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Blame game continues as Lopez-Cantera fingers Sink in mortgage crisis

Borrowers_banner_2Miami Rep. Carlos Lopez-Cantera today continued the blame game emerging over who should have known that Florida's regulation of mortgage brokers was a riddled with holes, as the Miami Herald's series exposed this week.

In a letter to Chief Financial Officer Alex Sink's legislative director, Lopez-Cantera says that she should have been asking more questions and getting more answers if she really wanted to prevent mortgage fraud and calling for Don Saxon's resignation now is "too little too late.''  Download letter_from_carlos_lopezcantera_to_department_of_financial_services.pdf Download letter_from_dfs_to_representative_carlos_lopez_cantera.pdf

"Alex Sink is the top economic cop in this state. Why wasn't mortgage fraud a higher priority?'' Lopez-Cantera asks. He notes that she campaigned on the promise that "I will ask the tough questions." 

It's all more proof that lots of folks in Tallahassee are in serious damage control mode. Sink called for Saxon's resignation the day the Herald series ran. Lopez-Cantera notes that he sponsored legislation last session to crack down on mortgage fraud and Sink never showed a peep of interest in it.

But that raises more questions: Should legislators reviewing the issue of mortgage have been asking these questions too? Should they have asked why the 2006 law to ban felons wasn't enforced. And what about Sink's predecessor Tom Gallagher? Didn't he support the structure of Saxon's office to allow for the full Cabinet to have oversight? Did he ask these questions?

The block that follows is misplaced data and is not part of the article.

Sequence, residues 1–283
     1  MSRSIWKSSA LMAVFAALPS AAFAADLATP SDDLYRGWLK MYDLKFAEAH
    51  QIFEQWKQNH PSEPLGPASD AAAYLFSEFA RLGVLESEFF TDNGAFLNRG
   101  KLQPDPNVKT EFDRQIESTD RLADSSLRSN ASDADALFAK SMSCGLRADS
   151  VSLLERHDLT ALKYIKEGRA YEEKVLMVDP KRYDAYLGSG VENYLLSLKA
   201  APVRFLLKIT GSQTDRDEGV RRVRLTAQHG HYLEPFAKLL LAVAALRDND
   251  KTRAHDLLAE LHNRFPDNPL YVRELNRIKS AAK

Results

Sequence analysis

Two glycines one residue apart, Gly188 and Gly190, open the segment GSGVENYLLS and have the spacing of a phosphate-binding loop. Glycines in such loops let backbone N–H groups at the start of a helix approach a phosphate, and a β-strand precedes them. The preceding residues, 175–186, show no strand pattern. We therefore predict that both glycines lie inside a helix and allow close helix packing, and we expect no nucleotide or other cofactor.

"It's not our job to make sure laws were enforced,'' Lopez-Cantera answers. "It's our job to pass laws.''

UPDATE: House Democratic Leader Dan Gelber offers this response to Lopez-Cantera: 

"Rep Lopez-Cantero's accusations would be funny if the issue wasn't so tragic. Seriously, the idea that the CFO bears blame for a problem that, according to the Herald, was almost entirely baked before she was even elected in 2006 is ludicrous. Further, it was the legislature that in 2003 took away from the CFO any direct oversight over the  Office of Financial Regulation (OFR) and instead made the entire cabinet responsible for the hiring and firing of the head of OFR."